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Lesson 15: Wrap-Up

Gary North, Ph.D.
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YESTERDAY'S ASSIGNMENT

Did you read one Wiki article?

Lesson 15

WRAP-UP

If you have printed out these lessons and put them into a 3-hole binder, you have the equivalent of a medium- sized book.

That wasn't so difficult, was it?

You can eat an elephant, one bite at a time.

If you have done what I recommended, you are on track to survive your first semester in college.

I have two questions for you: (1) Have you done what I recommended? (2) Will you stay with the program?

In other words, have you internalized these study methods? Have they become habits? If so, you will probably stick with the program. If not, then you had better review the entire course. See what you just could not bring yourself to do. Then start doing it.

Time-management is the most important general skill that I have tried to impart to you. This is the skill that will pay off the highest through the rest of your life.

For purposes of improving your grades, one technique stands out above the rest. Which one do you think it is? If you guessed, "lecture to the wall," go to the head of the class.

Lecturing to the wall is the little-known, spectacularly effective study technique that almost no one will use, even those few who know about it. But you know about it. And you're in a position to put this knowledge to work.

If you get this one study technique internalized, you almost cannot fail to graduate from high school and college with good grades.

But there were other techniques that you learned:

End each day by scheduling tomorrow' tasks
Use this: A, B, and C
Locate a study partner.
Convert bus time to review time.
Don't read in a soft, deep chair.
Use 3x5 cards to ask questions after class.
Use vocabulary cards for foreign language.
Use earplugs when doing homework.
Budget time at the beginning of an exam.
Follow instructions.
Write down instructions.
Schedule fun times.
Cut back on TV.
Buy used (battered) textbooks.
Mark up these textbooks at home.
Drop a killer class for study hall.
Take that class in summer.
Read a chapter fast the first time.
Review chapter-end questions.
Then read it slowly, with a highlighter.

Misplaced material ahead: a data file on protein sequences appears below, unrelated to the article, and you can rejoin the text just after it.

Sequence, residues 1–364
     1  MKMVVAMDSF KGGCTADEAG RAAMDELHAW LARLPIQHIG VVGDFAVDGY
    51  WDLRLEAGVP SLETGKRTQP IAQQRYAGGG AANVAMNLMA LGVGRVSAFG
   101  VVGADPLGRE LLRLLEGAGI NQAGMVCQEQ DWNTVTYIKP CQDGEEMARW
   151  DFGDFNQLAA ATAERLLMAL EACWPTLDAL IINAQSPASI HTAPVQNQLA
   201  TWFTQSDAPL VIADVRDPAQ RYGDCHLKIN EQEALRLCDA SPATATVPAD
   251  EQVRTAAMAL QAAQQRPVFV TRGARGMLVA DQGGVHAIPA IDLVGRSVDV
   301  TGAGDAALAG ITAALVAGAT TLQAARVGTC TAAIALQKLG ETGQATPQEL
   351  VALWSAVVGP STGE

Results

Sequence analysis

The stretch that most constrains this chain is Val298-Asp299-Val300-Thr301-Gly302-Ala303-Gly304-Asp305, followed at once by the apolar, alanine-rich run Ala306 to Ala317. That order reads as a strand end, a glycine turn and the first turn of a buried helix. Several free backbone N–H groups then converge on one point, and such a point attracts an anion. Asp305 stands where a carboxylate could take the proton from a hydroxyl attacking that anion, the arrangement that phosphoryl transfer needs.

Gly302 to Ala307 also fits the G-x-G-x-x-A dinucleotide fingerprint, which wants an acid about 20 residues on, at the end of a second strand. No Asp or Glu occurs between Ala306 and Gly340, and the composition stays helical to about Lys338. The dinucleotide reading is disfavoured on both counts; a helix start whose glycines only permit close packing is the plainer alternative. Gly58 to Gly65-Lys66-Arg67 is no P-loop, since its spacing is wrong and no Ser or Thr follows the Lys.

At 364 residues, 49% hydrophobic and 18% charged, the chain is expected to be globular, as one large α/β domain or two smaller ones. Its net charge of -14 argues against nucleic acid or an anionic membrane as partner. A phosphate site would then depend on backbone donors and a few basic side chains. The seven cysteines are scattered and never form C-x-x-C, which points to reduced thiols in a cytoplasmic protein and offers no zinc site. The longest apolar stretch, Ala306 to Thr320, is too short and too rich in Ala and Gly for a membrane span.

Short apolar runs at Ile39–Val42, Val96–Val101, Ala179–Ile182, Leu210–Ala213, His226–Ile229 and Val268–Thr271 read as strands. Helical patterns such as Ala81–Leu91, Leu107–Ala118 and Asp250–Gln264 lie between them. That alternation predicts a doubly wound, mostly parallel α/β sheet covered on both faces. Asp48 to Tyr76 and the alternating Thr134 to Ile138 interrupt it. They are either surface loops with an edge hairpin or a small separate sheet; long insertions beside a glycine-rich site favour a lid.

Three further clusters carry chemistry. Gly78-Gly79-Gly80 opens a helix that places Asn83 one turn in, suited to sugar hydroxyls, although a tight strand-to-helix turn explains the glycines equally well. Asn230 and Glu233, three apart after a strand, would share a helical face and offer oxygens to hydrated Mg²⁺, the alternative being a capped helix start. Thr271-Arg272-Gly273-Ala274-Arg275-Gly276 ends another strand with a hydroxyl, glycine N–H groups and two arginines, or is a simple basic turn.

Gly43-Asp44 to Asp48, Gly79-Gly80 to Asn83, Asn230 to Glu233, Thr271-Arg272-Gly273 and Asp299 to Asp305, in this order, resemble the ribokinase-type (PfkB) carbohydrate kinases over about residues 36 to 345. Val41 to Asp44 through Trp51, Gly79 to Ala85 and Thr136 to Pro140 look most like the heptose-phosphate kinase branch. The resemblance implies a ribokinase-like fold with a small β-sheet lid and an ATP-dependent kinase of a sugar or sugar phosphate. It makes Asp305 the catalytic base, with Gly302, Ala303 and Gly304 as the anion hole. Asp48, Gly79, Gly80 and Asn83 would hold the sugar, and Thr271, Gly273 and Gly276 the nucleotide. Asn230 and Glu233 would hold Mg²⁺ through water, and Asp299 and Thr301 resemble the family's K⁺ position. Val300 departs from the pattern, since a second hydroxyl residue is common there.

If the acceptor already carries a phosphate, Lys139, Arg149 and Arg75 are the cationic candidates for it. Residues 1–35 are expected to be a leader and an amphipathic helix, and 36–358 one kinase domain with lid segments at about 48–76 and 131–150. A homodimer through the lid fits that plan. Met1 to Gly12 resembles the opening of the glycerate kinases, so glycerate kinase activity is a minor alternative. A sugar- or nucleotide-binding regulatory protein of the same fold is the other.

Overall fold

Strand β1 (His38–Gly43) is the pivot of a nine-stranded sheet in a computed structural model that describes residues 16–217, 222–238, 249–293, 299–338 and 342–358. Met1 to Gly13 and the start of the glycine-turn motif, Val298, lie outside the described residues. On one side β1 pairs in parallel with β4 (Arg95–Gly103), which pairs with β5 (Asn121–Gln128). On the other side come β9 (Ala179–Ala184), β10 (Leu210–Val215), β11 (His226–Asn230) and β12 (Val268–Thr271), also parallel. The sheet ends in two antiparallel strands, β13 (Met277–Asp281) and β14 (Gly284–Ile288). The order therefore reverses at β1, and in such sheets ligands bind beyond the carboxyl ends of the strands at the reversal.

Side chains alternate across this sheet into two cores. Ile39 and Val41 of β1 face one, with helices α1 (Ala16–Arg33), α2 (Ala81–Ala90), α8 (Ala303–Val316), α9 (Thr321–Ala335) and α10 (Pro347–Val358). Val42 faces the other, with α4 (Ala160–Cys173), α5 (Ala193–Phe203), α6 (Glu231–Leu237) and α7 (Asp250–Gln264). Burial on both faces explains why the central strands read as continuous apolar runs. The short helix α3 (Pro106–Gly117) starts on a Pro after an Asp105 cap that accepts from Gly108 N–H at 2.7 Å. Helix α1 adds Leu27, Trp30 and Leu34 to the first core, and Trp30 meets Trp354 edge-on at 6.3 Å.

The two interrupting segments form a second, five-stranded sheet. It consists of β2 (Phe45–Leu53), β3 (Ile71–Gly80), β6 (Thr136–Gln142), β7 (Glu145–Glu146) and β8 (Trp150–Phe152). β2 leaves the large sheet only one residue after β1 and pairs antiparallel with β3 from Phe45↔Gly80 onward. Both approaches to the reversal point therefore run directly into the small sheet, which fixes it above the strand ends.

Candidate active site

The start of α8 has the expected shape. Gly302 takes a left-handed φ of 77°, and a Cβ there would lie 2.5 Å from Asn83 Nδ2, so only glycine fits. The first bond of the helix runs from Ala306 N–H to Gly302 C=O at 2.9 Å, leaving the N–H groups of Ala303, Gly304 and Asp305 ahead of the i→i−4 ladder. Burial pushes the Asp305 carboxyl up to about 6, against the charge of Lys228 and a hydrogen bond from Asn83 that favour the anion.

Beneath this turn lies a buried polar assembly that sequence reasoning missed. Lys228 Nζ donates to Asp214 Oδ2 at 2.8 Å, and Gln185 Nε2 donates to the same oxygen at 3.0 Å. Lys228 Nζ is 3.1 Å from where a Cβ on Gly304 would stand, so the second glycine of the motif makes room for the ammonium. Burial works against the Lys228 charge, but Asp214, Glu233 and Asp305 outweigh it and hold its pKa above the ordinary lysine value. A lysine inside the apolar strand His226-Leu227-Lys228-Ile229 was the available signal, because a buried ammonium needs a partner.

Lecture to the wall.
Review class notes on the day you take them.
Don't use detailed outlines.
Write from the heart; then revise.
Read and clip the daily newspaper.

TEST-TAKING

This skill is crucial until you leave school. After that, you will rarely use it again. The same is true of note-taking.

If you can get the knack of taking machine-graded exams, you can save thousands of dollars on college. That's because of the CLEP and AP exams. Some of you will save tens of thousands of dollars by passing these exams -- or your families will. I hope your parents will share some of that saved money with you on the day you receive your bachelor's degree.

If you learn how to take CLEP exams, you can walk into college as a junior, having saved up to $70,000 in tuition, room, board, and books. Saving $20,000 is duck soup -- nothing to it.

If you take my advice and skip walking into college, you can earn a bachelor's degree from an accredited university for an additional $7,500 or so.

This brings us to the next stage of your self- education. You have now finished my study skills course. Maybe you have not internalized all of my recommended techniques, but you have probably become a better student than you were a month ago.

Yes? No? Or aren't you sure yet?

No matter. Your grades will tell the truth.

WHAT NEXT?

Decide how you want to earn your degree. Which of my seven alternative tracks appeal to you?

I recommend that you join this site if you have additional questions.

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